Ask most people, and they would tell you the rule 2-month’s-salary rule for buying an engagement ring. Many even go as far as three, saying that amount of expense is a must if you want to get the kind of ring your beloved deserves. However, this is often a waste on many levels, especially if it draws in debt, or even financial stress.
How Much Should you Spend?
The golden rule for all purchases applies to engagement rings as well: do not spend more than you can afford to. Regardless of what people tell you, financially stable is definitely one of the ways you want to start off a new relationship, especially one that is likely to lead to marriage.
While an engagement ring is certainly a representation of how strong and enduring your love is for one another, you need not spend as high as two months’ salary on it. In fact, that prospect is highly unrealistic in this day and age. With the costs of so many things rising at alarmingly rapid rates, it makes much more sense to hold your ring purchase within a sensible budget, and leave yourself more secure financially.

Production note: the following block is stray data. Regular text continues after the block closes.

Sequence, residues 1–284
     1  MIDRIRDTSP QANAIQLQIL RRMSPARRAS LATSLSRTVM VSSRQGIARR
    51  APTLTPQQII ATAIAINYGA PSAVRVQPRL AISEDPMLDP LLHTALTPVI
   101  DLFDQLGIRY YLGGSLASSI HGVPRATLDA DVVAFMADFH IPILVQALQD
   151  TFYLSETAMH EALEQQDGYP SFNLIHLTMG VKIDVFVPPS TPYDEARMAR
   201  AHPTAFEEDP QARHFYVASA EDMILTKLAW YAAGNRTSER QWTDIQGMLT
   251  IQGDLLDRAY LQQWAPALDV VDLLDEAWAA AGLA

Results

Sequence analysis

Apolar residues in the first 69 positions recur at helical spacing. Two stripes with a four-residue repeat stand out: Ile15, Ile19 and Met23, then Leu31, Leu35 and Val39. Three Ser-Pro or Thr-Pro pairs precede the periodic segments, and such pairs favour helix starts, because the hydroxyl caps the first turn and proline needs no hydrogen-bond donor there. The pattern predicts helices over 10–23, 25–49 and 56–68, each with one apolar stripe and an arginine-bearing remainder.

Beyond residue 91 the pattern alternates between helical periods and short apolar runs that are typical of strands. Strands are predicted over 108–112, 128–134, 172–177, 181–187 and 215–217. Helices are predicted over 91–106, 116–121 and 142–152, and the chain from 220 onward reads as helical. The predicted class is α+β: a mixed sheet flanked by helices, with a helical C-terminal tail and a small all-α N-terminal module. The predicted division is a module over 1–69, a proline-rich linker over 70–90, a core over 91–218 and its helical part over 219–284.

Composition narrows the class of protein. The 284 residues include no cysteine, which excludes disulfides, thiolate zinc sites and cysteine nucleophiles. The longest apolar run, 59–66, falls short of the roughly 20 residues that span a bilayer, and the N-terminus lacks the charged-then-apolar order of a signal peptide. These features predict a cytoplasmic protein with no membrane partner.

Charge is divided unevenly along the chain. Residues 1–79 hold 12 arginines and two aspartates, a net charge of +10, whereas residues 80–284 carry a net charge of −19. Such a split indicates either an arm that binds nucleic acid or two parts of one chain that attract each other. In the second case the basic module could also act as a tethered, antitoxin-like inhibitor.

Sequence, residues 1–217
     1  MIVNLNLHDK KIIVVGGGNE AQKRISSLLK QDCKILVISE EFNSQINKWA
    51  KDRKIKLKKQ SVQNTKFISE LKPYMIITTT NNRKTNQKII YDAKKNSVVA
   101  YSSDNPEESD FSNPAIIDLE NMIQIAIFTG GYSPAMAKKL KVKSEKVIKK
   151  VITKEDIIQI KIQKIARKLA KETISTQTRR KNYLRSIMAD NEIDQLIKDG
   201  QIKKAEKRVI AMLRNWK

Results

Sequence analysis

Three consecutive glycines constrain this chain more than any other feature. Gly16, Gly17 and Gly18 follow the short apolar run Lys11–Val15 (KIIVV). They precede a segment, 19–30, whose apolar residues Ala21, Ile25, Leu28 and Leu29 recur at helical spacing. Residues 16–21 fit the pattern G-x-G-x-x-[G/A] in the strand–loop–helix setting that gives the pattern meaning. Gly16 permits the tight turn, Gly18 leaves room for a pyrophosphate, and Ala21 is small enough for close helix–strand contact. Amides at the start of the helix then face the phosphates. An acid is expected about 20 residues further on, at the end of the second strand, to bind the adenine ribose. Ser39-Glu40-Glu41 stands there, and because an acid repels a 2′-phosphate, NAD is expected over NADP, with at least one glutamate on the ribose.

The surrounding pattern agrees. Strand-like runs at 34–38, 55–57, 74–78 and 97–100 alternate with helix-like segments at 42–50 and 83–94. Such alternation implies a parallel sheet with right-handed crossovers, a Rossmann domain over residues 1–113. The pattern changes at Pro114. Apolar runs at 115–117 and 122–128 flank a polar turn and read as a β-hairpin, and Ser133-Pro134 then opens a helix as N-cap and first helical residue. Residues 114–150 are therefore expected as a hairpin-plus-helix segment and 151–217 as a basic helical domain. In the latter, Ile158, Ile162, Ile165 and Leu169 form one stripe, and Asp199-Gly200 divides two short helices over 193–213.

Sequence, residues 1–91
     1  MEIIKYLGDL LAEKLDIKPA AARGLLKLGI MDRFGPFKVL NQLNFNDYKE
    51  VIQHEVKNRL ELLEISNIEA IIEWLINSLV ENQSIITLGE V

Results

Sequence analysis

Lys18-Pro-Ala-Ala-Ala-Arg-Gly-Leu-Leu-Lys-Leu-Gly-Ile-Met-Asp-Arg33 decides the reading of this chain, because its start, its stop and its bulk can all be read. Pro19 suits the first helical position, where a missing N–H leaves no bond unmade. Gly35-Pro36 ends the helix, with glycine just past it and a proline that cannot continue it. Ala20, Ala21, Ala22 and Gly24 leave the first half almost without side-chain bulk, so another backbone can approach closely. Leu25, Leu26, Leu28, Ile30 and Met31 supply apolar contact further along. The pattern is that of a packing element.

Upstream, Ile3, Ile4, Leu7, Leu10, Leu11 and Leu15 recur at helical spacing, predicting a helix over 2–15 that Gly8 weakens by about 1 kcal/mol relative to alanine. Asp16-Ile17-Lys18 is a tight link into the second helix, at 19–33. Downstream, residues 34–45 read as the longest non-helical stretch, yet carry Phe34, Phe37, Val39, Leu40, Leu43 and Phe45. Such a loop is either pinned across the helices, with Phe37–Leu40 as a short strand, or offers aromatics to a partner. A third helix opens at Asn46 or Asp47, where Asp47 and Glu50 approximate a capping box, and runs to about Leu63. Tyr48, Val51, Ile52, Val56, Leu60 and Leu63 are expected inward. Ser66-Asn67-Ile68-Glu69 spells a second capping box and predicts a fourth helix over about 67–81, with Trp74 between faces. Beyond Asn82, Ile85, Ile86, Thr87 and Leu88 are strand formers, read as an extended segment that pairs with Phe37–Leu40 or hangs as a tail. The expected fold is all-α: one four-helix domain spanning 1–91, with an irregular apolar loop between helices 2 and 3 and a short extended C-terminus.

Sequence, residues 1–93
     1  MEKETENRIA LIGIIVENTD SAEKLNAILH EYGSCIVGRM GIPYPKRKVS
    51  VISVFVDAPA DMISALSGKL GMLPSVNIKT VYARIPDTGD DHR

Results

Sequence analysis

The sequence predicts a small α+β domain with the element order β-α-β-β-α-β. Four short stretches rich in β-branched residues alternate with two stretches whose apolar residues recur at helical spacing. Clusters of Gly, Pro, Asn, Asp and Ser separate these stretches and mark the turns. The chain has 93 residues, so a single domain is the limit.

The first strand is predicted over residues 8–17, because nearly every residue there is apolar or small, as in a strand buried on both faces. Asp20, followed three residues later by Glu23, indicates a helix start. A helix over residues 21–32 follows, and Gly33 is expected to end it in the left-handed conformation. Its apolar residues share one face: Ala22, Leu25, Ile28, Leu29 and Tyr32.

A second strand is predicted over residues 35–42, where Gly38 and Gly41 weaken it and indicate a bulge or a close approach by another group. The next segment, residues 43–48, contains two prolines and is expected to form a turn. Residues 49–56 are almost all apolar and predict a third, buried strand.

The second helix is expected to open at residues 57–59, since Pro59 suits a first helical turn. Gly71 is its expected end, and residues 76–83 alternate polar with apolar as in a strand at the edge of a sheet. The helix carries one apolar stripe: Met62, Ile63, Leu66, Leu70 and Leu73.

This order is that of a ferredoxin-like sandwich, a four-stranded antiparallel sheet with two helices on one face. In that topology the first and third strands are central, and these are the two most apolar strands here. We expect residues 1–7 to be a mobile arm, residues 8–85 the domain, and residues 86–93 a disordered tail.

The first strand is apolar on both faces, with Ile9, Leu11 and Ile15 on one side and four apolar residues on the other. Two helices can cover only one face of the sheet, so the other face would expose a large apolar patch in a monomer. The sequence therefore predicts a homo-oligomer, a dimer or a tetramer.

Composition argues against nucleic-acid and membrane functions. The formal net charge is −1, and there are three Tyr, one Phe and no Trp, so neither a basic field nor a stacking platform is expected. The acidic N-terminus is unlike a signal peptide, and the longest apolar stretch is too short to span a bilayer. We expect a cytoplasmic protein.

Borrowing Money for a Ring Purchase
It scarcely bears mentioning how bad an idea this is, especially since after you get married, any debt you have would probably carry over to your spouse as well. When you look at it that way, not only would you be giving her a good-looking ring, but also a financial obligation she may have to meet when you are not around to take care of it. No marriage fails to benefit from a lack of debt. However, if you feel time is slipping away, but lack the sufficient cash to get a good proposal ring, borrowing may become a more acceptable option. If that is ever the case, make sure you only take as much as you can positively repay inside a year, at the most. Prefer spending on a ring that carries meaning, instead of something gaudy or exorbitantly costly.
Taken overall, how much you can comfortably spend decides how much you should be spending. If a six-figure rock is achievable without losing sleep over it later, then that is not a bad way to go. On the other hand, if it promises credit card debt or something equally bleak, you should probably focus on getting something within a much lower budget.